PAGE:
Volunteering Could Extend Life

Reviewed by Dr. Victor Marchione, MD.
Written by Devon Andre
Published on

Volunteering Could Extend Life

A new study is showing that volunteering could have life-extending benefits. So, if you’re looking to get involved in your community, the benefits could be far greater than expected.

Volunteering has the potential to improve the lives of others as well as yourself. On a personal level, it can lead to a greater sense of purpose, connection, and well-being,

The new study was conducted by researchers at the Center for Health and Happiness at Harvard’s T.H. Chan School of Public Health. The results were published in the American Journal of Preventative Medicine.

“Humans are social creatures by nature,” said Eric Kim, the study’s lead investigator. “Perhaps this is why our minds and bodies are rewarded when we give to others.”

Researches tracked 13,000 people, aged 50+, that were participating in the U.S. Health and Retirement Study. They were observed for four years between 2010 and 2016.

When people volunteered at least 100 hours per year (about two hours per week) they had a much lower risk of death and developing physical limitations than those who didn’t volunteer. They also reported higher levels of activity and greater well-being.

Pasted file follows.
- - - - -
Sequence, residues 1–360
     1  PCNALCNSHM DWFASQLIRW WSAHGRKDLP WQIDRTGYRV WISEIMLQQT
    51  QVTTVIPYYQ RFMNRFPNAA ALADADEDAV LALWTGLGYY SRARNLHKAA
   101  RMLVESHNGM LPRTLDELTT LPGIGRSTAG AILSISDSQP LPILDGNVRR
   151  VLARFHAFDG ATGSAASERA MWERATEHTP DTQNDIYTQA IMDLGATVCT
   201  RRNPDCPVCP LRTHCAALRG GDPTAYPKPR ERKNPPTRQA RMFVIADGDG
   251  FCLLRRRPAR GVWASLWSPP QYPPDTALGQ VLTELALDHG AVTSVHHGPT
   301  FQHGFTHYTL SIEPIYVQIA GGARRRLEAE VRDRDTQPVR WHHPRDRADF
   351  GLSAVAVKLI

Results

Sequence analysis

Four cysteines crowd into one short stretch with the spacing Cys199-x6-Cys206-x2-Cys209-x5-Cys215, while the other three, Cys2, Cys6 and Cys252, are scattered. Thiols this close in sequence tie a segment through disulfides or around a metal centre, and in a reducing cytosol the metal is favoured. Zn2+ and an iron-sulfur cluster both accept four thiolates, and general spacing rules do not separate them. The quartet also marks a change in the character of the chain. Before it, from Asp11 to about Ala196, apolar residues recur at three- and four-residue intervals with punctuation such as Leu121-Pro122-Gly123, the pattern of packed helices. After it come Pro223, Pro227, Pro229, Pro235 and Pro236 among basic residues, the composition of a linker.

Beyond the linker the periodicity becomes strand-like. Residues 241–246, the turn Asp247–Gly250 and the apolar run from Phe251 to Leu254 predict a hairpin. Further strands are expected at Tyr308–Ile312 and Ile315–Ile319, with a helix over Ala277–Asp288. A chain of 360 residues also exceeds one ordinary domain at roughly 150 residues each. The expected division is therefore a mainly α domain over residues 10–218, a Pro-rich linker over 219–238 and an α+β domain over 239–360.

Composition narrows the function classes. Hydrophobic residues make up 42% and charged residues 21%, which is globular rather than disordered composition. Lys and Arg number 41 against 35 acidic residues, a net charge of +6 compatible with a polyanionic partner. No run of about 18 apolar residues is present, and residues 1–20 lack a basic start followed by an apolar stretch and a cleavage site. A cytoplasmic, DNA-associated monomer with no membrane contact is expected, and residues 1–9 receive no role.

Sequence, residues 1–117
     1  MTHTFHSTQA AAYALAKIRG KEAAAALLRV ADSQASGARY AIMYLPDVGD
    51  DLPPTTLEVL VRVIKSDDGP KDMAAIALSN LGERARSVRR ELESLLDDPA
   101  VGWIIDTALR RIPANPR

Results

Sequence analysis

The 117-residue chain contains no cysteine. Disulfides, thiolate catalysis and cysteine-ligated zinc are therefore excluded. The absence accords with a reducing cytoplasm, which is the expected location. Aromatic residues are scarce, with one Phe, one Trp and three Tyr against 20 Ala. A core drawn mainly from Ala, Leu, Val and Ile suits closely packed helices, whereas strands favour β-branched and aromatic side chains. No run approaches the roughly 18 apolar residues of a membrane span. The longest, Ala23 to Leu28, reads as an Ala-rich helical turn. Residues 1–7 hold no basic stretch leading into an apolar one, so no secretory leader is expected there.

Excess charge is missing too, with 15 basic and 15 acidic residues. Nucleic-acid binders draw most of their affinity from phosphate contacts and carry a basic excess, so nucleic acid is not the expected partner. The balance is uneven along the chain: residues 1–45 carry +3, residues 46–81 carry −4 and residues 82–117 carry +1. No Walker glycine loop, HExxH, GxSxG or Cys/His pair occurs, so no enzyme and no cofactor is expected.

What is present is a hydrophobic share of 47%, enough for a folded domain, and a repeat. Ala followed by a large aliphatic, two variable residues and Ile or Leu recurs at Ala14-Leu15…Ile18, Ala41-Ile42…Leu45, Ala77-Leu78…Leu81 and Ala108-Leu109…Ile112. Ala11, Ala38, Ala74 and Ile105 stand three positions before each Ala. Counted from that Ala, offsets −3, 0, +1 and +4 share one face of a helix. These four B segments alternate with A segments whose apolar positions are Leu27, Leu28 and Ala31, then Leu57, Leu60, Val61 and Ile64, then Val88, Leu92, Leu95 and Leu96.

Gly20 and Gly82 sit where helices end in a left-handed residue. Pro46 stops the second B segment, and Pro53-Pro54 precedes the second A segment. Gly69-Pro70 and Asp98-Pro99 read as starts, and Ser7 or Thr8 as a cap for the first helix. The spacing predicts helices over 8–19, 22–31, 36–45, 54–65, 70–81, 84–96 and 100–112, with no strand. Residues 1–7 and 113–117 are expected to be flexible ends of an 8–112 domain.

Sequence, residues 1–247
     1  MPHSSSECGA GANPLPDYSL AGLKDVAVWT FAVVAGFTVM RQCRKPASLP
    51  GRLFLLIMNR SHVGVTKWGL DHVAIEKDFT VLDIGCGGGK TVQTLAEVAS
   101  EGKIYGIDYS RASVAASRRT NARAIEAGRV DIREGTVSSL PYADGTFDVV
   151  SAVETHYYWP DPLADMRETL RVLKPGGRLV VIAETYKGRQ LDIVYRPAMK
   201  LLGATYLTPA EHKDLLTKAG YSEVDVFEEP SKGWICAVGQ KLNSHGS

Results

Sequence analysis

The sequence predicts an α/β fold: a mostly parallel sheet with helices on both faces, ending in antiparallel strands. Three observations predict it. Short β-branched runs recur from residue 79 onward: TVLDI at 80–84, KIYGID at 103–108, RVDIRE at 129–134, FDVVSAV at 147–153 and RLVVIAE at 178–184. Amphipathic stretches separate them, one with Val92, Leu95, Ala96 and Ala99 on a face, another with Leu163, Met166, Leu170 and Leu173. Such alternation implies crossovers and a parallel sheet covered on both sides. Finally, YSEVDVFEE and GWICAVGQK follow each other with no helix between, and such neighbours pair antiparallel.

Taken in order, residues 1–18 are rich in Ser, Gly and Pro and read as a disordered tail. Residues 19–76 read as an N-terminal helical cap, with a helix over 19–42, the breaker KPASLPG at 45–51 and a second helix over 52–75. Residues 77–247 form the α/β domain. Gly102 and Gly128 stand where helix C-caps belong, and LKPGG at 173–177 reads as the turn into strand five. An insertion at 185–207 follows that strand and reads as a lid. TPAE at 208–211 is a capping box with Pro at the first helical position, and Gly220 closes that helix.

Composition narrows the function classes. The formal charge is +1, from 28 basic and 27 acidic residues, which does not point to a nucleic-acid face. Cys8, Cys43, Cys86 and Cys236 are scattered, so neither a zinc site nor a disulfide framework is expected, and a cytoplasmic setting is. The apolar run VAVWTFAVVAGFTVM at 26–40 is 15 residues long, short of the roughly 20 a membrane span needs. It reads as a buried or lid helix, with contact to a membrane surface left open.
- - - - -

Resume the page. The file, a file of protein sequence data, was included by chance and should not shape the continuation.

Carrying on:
What’s interesting is that although the benefits of life extension, mobility, and better mental health were observed, volunteering did not show any direct impact on chronic health conditions like high blood pressure, diabetes, pain, and more.

The activity and fulfillment a person may acquire from volunteer work and all that it offers may be a way to manage these conditions so they take less of a toll. It is really hard to say.

There are several ways you could volunteer and get involved in a cause that serves your community or a goal that you believe in. Using your skills for change can create positive experiences for others, as well as yourself.

Because social distancing measures are still recommended, volunteering may take on a slightly different look these days. But you can still find ways to get involved with organizations you believe in, make contacts, and try to find ways to help.

If you’re looking for ways to feel better and live longer, volunteer work could be the way to go. It can help:

  • Relieve stress
  • Decrease the risk of depression
  • Offer a sense of purpose
  • Stay physically and mentally active
  • Build and develop new relationships

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On any matter relating to your health or well-being, please check with an appropriate health professional. No statement herein is to be construed as a diagnosis, treatment, preventative, or cure for any disease, disorder or abnormal physical state. The statements herein have not been evaluated by the Foods and Drugs Administration or Health Canada. Dr. Marchione and the doctors on the Bel Marra Health Editorial Team are compensated by Bel Marra Health for their work in creating content, consulting along with formulating and endorsing products.